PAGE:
Born in Makkah in 1934, the youngest of six children, Kabbani attended primary school in Taif where his father was a renowned general practitioner. Actively acquiring new skills throughout life to deal with day-to-day medical needs, epidemics, ophthalmic problems and various surgeries, his father was so devoted he even traveled to France to enhance his knowledge.
A gifted child, Kabbani was awarded a scholarship to the American University of Beirut and could have become a doctor despite being warned off by his father. However after two years of medical studies he switched to economics and then attended the exclusive Swarthmore College near Philadelphia, which is renowned for its rigorous academic instruction and located in vast woodland slightly reminiscent of Abha.
Consistently ranked as one of the top American colleges, Swarthmore alumni include three Noble Prize laureates, 36 members of the National Academy of Sciences and several senators.
Kabbani who since childhood has been fascinated by nature and with a scientific temperament knew of the effects of wind excelled at his studies. Meanwhile away from the lecture halls he took advantage of the location and began crewing on Olympic-class sailing boats racing 100-mile courses on Lake Champlain in Vermont. After graduating in economics and international relations, he took his Masters at Columbia, New York and appeared destined for high office in government or a life in academia.
Opting for public service in 1959 he joined the Saudi Ministry of Foreign Affairs. By 1962, he was the Assistant Chief Economist of OPEC and in 1967, he was appointed as Head of the Economic Department at the Ministry of Petroleum and Mineral Resources.
Throughout this time, Kabbani’s passion for sailing went unabated with him starting to sail regularly around Obhur Creek in a sailing boat he finished building after it had started by someone else.
He also bought a Flying Dutchman and sailed this at Half Moon Bay when based in Dhahran while on moving to land-locked Switzerland with OPEC his passion was undiminished with him finding time to sail a small boat on Lake Geneva.
In 1970 Kabbani resigned from OPEC in order to build his own business empire. This was despite the advice of colleagues to take leave of absence as he had a family of two young boys Hassan and Wael to support.
His eldest brother had started a small uPVC pipe factory in Jeddah and Kabbani wanted to help market and sell production to make it succeed. It was a time of recession shortly before the 1974 oil boom but Kabbani felt by having no way back into OPEC his personal commitment to the success of the business would be total.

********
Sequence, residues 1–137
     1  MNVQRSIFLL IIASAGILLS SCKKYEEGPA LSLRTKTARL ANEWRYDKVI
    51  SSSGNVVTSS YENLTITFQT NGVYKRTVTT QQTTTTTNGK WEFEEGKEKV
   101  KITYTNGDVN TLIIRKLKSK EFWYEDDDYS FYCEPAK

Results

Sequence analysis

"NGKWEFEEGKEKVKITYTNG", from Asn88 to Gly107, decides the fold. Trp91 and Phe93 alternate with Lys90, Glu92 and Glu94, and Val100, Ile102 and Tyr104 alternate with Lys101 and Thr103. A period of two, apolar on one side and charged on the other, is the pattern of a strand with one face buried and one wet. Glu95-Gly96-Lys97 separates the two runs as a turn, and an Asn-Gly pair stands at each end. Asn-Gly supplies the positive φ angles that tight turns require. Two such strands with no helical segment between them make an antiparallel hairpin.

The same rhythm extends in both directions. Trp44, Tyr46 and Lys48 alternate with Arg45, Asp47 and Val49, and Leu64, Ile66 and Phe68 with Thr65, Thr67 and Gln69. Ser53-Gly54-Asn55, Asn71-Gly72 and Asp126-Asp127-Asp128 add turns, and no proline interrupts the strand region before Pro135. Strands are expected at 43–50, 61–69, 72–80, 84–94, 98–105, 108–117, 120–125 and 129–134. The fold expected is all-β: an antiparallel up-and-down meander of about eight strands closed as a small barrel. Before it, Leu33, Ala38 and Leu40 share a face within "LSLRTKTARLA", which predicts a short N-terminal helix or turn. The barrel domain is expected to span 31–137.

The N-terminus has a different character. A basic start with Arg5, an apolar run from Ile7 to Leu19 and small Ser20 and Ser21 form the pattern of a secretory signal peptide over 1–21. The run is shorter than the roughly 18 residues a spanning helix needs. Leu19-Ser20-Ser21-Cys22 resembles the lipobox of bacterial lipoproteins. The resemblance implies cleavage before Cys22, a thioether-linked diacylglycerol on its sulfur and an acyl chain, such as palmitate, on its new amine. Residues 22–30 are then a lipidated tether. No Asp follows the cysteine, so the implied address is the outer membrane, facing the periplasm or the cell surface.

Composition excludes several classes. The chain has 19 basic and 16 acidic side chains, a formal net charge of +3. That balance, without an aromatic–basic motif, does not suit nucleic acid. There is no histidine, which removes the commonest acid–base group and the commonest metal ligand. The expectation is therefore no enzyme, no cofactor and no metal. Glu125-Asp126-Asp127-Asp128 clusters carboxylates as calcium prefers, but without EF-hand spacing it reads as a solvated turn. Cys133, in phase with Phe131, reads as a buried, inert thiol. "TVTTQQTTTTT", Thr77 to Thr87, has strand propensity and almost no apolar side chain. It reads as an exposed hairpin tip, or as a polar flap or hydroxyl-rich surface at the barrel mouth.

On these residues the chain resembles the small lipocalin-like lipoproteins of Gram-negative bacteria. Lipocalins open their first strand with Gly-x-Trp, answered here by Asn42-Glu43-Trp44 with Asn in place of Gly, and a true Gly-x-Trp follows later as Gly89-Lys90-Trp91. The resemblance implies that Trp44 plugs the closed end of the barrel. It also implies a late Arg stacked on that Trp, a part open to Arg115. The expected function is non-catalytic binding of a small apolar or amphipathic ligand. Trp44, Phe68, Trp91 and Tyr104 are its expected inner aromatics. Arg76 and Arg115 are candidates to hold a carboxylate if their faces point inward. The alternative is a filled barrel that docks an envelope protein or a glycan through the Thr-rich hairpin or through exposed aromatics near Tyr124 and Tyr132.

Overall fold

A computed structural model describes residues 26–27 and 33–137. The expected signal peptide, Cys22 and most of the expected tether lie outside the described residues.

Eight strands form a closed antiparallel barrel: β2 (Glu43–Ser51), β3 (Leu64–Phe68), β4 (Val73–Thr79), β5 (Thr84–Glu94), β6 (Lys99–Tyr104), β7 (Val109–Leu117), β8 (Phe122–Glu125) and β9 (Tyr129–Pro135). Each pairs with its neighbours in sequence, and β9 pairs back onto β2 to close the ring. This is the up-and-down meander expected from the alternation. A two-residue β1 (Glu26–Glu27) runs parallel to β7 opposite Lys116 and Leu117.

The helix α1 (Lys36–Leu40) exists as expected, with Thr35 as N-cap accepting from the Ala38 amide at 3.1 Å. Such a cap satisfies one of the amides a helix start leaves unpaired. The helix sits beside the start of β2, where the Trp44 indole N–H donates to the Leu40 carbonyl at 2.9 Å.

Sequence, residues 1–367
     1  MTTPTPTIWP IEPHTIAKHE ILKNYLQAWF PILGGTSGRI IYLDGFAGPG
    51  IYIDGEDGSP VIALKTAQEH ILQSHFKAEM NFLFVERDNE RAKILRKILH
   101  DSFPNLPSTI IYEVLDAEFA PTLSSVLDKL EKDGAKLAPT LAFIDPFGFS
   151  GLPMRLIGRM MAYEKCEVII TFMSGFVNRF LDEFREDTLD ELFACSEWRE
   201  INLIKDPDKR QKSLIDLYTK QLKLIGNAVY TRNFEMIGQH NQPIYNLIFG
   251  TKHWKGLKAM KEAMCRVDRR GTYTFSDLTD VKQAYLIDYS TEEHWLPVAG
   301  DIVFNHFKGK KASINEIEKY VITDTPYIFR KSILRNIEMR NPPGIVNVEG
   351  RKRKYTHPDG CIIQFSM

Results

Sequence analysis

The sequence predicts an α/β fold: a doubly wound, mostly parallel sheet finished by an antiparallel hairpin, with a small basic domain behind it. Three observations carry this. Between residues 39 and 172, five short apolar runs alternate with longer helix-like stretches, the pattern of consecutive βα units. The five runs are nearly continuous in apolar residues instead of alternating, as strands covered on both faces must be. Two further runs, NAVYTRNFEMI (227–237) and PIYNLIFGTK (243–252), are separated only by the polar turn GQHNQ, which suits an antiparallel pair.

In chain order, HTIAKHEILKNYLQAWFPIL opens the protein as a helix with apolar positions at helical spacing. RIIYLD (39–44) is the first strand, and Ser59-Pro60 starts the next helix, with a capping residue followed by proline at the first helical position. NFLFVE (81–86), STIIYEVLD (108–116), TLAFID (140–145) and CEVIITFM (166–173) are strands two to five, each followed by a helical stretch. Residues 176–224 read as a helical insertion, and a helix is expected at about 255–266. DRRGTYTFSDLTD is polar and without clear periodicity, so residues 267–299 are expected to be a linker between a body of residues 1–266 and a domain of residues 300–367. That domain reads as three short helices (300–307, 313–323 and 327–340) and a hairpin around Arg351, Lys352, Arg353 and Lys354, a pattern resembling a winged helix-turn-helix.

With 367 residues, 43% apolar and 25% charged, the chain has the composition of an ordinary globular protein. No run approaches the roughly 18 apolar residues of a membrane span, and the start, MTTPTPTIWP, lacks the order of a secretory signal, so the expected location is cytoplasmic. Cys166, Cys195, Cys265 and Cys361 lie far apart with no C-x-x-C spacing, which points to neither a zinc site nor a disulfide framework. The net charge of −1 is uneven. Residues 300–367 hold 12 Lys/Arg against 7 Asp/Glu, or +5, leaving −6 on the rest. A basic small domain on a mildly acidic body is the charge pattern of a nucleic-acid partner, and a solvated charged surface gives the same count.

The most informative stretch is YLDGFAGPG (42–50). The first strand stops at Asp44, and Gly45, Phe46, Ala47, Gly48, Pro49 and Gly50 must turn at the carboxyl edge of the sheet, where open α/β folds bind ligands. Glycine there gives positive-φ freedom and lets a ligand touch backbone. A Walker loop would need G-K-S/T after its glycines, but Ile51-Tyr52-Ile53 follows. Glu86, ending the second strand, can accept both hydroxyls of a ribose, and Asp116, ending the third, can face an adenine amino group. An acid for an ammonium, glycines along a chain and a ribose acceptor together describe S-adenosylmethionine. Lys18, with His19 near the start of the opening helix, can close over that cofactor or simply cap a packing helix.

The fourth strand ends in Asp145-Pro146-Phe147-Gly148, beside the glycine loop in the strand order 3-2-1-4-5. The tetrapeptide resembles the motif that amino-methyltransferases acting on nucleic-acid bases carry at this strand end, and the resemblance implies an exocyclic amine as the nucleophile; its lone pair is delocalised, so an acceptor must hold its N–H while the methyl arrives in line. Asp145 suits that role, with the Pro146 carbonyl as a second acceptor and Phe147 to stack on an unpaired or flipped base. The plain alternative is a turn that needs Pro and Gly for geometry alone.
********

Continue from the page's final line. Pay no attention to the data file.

Through hard work, drive and persistence plus a cautious approach a platform for sustained growth was built with Kabbani recognizing from his earlier OPEC travels to the Far East with the importance of Japanese trading houses as an economic model for companies to import raw materials and export finished products.
With the Kingdom embarking on a rapid development course, this concept had added potency and from modest beginnings in the uPVC factory he created a multifaceted family run business.
The Isam Khairi Kabbani Group of Companies (IKK) now acts primarily as a holding company for totally owned affiliates, joint ventures and associated firms created to participate in the continuing commercial and industrial development of the Kingdom of Saudi Arabia and the Middle East covering trading, manufacturing, construction and services.
Kabbani is also on the board of several international companies including Textainer, the world’s largest container company based in Bermuda and San Francisco.
“Opportunities come in life but it is how to grasp them and see the potential. I think I have made the best of my good luck and managed to focus on my family, business and sailing hobby,” says Kabbani, who never thought the business would develop so successfully.
When in the Kingdom, Kabbani spends weekends sailing with his family on Obhur Creek close to where he now lives in a fine beach home. But he never loses respect for the ever-present dangers.
“The sea is always dangerous and must be respected,” Kabbani concludes